I am having a great time with my 3 clients in Alaska on my bald eagle photography tour. They are learning how to be real wildlife photographers. The weather conditions are making it challenging to shoot. There is a foot of snow on the ground and the skies are very dark. There also aren’t as many eagles around this year. However, between my 2 cameras, I still captured over 1000 frames today. I have yet to capture a great eagle in flight shot, but I am trying. So far, this is my favorite image. This eagle posed for me for almost 20 minutes, which was enough time for me to get into a position for a clean bokeh background. To complete the shot, all I had to do was wait for him to disapprovingly glare at me.
This bird I did find in the guidebook. It is called a Bythe’s Hornbill. Pretty wicked looking dinosaur of a bird. This one is the resident pest at Sorido Bay. When I first approached it, I was unaware that it was kinda tame. I took one look at that bill as it was coming at me and considering my past luck with getting bit by exotic critters, I backed off. Some of the locals then came over and showed me that they could actually touch it. I’m still not sold that I’m going anywhere near that beak, but I am quite pleased that I got to use my camera today and came away with some respectable images.
Update on 11/25-I figured out that this bird is a Kingfisher of Paradise.
Today started out very early. I am staying at the Waiwo Field Station of Conservation International. They are kindly putting me up for 2 nights before I start diving tomorrow with Papua Diving. I am trying to photograph the incredibly rare Wilson’s Bird of Paradise. I had to get up very early and hike a long way up hill through the jungle. I wore my sandals and was covered in mud by the time we got to where my guide had scouted the bird. I actually got a glimpse of it twice, but did not get off a single frame. I spent about 4 hours in my blind waiting with all manner of bugs crawling over me and biting the hell out of me. I am taking an anti-malarial drug, so I hope that it works because I’m gonna need it after that trek. Sitting on my knees in the mud in the jungle of Papua, what a treat! I am going to try again tomorrow. This bird is not a BOP, but rather something kinda cool that is not in the field guide that I have been looking through all evening. At least I took some pictures today that I can feel good about.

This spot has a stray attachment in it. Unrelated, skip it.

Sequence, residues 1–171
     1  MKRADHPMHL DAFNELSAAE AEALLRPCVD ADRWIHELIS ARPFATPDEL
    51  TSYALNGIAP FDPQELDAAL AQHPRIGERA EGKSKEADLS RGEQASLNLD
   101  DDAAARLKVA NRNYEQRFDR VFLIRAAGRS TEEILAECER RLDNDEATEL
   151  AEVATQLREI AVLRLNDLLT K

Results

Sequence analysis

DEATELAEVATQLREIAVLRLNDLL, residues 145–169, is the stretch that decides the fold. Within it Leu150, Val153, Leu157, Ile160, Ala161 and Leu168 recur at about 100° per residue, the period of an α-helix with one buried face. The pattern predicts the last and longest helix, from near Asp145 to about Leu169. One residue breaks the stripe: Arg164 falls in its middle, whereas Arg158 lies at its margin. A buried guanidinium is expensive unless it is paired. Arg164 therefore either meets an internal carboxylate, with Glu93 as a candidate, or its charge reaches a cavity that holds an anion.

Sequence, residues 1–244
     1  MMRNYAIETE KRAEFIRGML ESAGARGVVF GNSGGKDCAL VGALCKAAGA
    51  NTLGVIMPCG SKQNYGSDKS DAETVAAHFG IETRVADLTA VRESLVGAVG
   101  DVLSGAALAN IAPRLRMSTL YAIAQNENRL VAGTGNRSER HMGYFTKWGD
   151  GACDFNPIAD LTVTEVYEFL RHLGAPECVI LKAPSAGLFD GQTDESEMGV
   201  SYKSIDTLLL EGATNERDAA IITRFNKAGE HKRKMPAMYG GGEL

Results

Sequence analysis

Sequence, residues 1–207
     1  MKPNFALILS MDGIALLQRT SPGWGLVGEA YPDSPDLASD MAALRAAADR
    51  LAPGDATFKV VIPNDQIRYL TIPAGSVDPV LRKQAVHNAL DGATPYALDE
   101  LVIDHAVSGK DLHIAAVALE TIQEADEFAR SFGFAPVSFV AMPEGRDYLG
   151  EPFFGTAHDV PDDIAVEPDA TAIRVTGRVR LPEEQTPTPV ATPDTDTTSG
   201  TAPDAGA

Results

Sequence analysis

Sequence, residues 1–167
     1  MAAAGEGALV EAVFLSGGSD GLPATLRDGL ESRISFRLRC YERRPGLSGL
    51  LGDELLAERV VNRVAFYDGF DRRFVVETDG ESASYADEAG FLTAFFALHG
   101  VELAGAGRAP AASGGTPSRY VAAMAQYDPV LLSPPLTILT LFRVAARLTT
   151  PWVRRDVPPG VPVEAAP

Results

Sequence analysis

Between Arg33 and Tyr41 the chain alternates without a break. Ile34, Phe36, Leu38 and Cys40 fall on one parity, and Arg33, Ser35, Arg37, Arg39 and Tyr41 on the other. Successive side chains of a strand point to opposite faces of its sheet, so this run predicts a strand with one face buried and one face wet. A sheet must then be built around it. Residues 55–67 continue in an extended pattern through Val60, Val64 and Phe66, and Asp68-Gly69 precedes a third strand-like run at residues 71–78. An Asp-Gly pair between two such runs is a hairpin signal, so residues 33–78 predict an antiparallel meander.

Eagles are surprisingly difficult to get close to in the wild. Sure, I have been only a few feet away from them on a boat dock while someone was cutting up a salmon, but to get close to them in a more natural setting is very difficult. They spook very easy, and when I am on the water, they can see me coming from a long way away. These 2 posed long enough for me to get a few shots with the nice blurred mountain background before they too took flight. Please visit more of my Bald Eagle Photography.
One of my favorite new bald eagle images has been awarded 3rd Place Mountain Flora & Fauna in the 2008 Vancouver International Mountain Film Festival Photography Competition. I captured this moment while visiting the Chilkat Bald Eagle Preserve near Haines, Alaska last fall. I approached this eagle through the woods and got down as low as I could on the ground to capture the perfect background blur behind it just as it called out to another eagle flying overhead. Please visit my Bald Eagle Photography page to see more of my bald eagle images.